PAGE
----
Sailors Will See Improved Opportunities As Force Balance Improves


Story Number: NNS120104-04Release Date: 1/4/2012 10:24:00 AM
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From Chief of Naval Personnel Public Affairs

WASHINGTON (NNS) -- Top-performing Sailors will see more opportunities to convert, reenlist, and advance as a result of the Navy's use of force management tools such as the Enlisted Retention Board and Perform-to-Serve, Navy leaders said Jan. 3.

"We have the highest quality Sailors and the most capable force in our Navy's history," said Chief of Naval Personnel Vice Adm. Scott Van Buskirk. "Sailors are increasingly looking at our Navy as a great long-term career choice. While high retention is positive and has resulted in the best trained, most capable, and most highly motivated force in our history, we must continue to ensure we retain the right mix of people so that our workforce matches our warfighting requirements, now and into the future. Programs such as Perform-to-Serve and the Enlisted Retention Board have enabled those mutual goals."

"Because of the strides made by PTS and ERB in balancing the force, barring significant changes to our force structure, the Navy will not need to conduct an ERB in 2013 or 2014," continued Van Buskirk.

High retention and low attrition within the Navy led to some ratings being overmanned, which resulted in hardworking, experienced Sailors not being able to advance or reenlist in their ratings. At the same time, the Navy still lacked Sailors in ratings critical to meeting its mission. Increasing the challenge, the Navy has recently shifted nearly 6,800 billets back to sea, changing the mix of skills and experience required of Sailors.

In addition to voluntary separation programs, the Navy uses programs such as PTS to help balance the force by matching the workforce to the fleet's job requirements. PTS is the Navy's primary system for managing personnel to ensure the Navy maintains a balanced, experienced force. PTS manages balance between ratings so that each rating has their authorized share of personnel. PTS also manages balance within a rating by keeping the right number of top performers in each year group to match experience with mission requirements without gaps. PTS also ensures the highest-performing Sailors have the opportunity to convert, reenlist and advance.

Yet, with so many Sailors desiring to stay Navy, PTS was becoming over-burdened. Many overmanned ratings had limited PTS opportunity, which meant even the strongest performing Sailors faced tough competition and reduced chances to re-enlist and advance. Because PTS only affects those Sailors approaching a re-enlistment decision or requiring additional obligated service, timing had become a critical factor, adding pressure to the PTS system.

To relieve the pressure on Sailors in a PTS reenlistment window, the Navy created the ERB as an additional force management tool. The ERB became necessary to ensure the Navy could reduce the overmanned ratings while converting many Sailors to under manned ratings to fill gaps. The ERB reviewed the records of roughly 16,000 Sailors in the 31 most overmanned ratings to fill a limited number of retention quotas. Unlike PTS, the ERB considered all eligible Sailors in these ratings, not just the ones in a PTS window.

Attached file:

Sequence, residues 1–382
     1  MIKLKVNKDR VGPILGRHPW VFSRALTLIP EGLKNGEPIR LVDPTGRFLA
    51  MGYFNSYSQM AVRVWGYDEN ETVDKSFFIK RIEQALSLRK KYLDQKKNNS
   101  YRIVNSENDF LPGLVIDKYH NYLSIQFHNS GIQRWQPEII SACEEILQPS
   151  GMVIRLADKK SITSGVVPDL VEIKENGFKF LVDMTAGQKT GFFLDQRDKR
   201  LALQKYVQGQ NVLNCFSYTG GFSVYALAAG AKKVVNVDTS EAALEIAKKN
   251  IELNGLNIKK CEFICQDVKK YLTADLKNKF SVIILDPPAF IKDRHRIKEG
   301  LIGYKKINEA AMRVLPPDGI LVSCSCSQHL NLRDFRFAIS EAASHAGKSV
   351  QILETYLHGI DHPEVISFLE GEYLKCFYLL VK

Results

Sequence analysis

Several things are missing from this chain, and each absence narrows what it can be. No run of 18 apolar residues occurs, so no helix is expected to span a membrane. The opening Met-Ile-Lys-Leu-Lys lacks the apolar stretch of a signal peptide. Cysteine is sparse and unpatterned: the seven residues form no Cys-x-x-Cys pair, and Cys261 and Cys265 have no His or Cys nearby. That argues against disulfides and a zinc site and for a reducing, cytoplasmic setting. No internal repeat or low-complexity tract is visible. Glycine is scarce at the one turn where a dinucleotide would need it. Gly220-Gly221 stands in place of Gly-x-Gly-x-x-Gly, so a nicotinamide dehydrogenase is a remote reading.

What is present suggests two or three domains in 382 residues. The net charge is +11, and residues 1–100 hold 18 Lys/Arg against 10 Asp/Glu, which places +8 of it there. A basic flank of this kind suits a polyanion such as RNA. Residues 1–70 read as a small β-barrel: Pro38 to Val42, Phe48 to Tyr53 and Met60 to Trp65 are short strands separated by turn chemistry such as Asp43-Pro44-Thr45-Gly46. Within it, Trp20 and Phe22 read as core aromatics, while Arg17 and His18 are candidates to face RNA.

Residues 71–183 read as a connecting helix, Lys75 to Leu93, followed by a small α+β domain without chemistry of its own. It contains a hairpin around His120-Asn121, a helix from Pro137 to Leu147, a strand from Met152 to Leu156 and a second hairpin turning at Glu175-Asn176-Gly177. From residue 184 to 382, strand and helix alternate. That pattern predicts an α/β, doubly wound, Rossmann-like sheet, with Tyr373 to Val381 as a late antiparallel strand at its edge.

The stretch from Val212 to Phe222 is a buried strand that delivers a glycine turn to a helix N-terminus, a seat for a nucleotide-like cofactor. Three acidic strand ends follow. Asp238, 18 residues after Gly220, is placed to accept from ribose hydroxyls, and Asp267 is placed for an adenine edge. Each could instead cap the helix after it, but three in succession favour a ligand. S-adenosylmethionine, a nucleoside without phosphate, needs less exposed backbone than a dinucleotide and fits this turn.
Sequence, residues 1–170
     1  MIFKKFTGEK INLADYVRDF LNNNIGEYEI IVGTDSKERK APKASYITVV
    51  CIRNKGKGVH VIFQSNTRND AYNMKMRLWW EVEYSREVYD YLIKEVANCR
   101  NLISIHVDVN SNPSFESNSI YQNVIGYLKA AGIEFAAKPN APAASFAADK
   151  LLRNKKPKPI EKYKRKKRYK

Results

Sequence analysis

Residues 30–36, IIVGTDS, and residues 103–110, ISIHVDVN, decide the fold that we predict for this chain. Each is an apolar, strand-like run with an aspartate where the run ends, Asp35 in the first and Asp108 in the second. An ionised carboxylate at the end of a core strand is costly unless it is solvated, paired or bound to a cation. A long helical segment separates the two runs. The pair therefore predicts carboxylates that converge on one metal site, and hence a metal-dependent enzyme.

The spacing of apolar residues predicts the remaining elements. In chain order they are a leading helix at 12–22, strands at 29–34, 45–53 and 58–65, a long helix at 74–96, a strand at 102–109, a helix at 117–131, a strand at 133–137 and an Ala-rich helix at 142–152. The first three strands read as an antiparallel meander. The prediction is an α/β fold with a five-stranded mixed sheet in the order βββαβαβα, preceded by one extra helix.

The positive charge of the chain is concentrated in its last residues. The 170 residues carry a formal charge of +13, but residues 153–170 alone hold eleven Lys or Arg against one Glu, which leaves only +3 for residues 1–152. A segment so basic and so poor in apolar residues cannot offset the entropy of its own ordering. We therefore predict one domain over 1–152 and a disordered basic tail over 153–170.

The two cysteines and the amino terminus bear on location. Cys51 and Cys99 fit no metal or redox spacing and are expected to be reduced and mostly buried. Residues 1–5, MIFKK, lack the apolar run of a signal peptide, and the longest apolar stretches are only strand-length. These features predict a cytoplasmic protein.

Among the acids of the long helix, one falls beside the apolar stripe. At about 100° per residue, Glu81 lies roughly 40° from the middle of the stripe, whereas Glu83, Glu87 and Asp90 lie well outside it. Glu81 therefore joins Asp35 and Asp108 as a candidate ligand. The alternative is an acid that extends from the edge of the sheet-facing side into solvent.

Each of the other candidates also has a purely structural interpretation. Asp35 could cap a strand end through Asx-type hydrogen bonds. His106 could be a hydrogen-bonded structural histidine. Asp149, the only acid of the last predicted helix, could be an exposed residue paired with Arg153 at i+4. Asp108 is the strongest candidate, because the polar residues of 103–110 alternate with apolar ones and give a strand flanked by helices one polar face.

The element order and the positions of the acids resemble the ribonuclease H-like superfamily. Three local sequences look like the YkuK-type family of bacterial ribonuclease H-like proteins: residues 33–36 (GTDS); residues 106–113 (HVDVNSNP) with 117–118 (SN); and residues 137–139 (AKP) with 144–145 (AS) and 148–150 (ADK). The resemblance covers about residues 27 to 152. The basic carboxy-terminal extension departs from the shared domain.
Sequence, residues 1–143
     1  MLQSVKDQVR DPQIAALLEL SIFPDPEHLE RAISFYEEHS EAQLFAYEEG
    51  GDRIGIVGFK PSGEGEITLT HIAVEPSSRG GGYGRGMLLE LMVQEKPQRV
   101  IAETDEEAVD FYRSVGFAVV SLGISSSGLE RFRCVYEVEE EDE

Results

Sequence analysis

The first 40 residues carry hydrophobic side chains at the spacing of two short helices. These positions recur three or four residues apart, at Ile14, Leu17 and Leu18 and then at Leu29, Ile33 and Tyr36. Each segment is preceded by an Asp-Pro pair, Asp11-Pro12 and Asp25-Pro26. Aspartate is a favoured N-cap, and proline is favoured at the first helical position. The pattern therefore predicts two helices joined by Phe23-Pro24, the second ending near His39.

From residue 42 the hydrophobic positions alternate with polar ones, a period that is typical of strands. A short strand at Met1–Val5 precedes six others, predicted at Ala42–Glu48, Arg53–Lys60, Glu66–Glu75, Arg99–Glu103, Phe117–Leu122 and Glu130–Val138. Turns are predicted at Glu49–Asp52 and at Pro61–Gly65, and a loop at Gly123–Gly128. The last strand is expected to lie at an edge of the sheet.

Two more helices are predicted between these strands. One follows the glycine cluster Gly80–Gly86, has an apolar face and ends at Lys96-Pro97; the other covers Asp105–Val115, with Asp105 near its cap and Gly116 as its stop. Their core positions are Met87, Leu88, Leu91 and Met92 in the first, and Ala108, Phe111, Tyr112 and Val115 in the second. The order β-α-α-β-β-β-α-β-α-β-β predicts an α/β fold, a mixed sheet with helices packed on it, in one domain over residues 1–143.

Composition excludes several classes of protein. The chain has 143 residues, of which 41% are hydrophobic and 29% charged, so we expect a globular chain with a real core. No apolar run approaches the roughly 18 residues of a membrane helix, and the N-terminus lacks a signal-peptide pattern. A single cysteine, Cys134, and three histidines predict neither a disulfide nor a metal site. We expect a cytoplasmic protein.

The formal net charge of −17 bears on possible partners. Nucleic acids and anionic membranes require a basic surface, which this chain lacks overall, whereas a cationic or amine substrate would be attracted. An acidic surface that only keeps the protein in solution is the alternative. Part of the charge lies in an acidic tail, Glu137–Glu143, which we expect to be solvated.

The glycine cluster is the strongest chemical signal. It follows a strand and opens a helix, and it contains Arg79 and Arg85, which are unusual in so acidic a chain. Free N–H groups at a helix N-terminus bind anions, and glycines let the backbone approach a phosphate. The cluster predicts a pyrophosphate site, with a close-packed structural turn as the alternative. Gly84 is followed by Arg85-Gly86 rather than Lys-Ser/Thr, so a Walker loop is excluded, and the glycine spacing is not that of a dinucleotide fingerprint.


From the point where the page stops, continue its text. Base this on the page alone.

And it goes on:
According to Van Buskirk, Sailors will see significant changes in advancement opportunity due to the ERB.

"Before we conducted the ERB, opportunities for Sailors to advance to E5 and E6 in the 31 eligible ratings were extremely limited," said Van Buskirk. "Because the ERB will reduce overmanning in these ratings, more Sailors will advance to E4, E5, and E6 in the coming advancement cycles. In fact, advancements in the ERB ratings are projected to be slightly above the Navy-wide average for the next two to three cycles."

ERB and PTS have also placed many talented Sailors in undermanned ratings, a step that was critical in meeting the mission, said Van Buskirk.

"Because we have reduced our overmanned ratings, the Navy is making strides in improving undermanning in other ratings," said Van Buskirk. "Through PTS and the ERB, nearly 1,200 Sailors have converted from overmanned to undermanned ratings in the past year. Putting talented Sailors into these undermanned ratings enables us to meet our mission requirements while easing the unusually high operational demands on Sailors currently in these ratings."

Sailors are also seeing increased opportunities in PTS. PTS was significantly changed in October to refocus on performance and reduce the impact of a Sailor's timing on re-enlistment approval. Top performers in every rating and year group will now have the opportunity for reenlistment approval, even when a rating is overmanned.

"While PTS and ERB have been difficult pills to swallow for our Sailors, they are necessary tools to balance the effects of excessively high retention," said Van Buskirk. "We are beginning to see increased reenlistment opportunity and better advancement opportunity as a result of improved force balance, but we know that these benefits are of little comfort to Sailors and their families who are separating. That is why we're committed to providing Sailors who must separate the best transition support tools and assistance possible so they can succeed in their civilian careers."

Sailors can learn more about PTS, ERB and advancement opportunities by visiting www.npc.navy.mil.

For more news from Chief of Naval Personnel, visit www.navy.mil/local/cnp/.

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